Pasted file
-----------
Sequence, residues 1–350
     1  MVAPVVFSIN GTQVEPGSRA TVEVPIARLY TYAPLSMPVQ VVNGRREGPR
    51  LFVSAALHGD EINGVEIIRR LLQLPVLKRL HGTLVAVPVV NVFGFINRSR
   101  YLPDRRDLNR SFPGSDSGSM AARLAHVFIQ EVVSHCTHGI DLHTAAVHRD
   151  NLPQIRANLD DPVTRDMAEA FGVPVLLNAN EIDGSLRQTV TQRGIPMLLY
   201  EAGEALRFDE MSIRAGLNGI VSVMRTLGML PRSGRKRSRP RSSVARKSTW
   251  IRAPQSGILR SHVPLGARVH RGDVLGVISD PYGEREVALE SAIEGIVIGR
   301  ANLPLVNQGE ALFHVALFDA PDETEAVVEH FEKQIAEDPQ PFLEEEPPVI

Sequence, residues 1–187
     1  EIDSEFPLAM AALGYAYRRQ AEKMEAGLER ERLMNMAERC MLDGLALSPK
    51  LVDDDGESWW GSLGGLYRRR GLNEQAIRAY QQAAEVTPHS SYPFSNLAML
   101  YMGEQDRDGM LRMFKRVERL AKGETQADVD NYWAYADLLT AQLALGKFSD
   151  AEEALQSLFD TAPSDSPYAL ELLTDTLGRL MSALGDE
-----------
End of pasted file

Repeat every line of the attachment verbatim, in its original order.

Sequence, residues 1–350
     1  MVAPVVFSIN GTQVEPGSRA TVEVPIARLY TYAPLSMPVQ VVNGRREGPR
    51  LFVSAALHGD EINGVEIIRR LLQLPVLKRL HGTLVAVPVV NVFGFINRSR
   101  YLPDRRDLNR SFPGSDSGSM AARLAHVFIQ EVVSHCTHGI DLHTAAVHRD
   151  NLPQIRANLD DPVTRDMAEA FGVPVLLNAN EIDGSLRQTV TQRGIPMLLY
   201  EAGEALRFDE MSIRAGLNGI VSVMRTLGML PRSGRKRSRP RSSVARKSTW
   251  IRAPQSGILR SHVPLGARVH RGDVLGVISD PYGEREVALE SAIEGIVIGR
   301  ANLPLVNQGE ALFHVALFDA PDETEAVVEH FEKQIAEDPQ PFLEEEPPVI

Sequence, residues 1–187
     1  EIDSEFPLAM AALGYAYRRQ AEKMEAGLER ERLMNMAERC MLDGLALSPK
    51  LVDDDGESWW GSLGGLYRRR GLNEQAIRAY QQAAEVTPHS SYPFSNLAML
   101  YMGEQDRDGM LRMFKRVERL AKGETQADVD NYWAYADLLT AQLALGKFSD
   151  AEEALQSLFD TAPSDSPYAL ELLTDTLGRL MSALGDE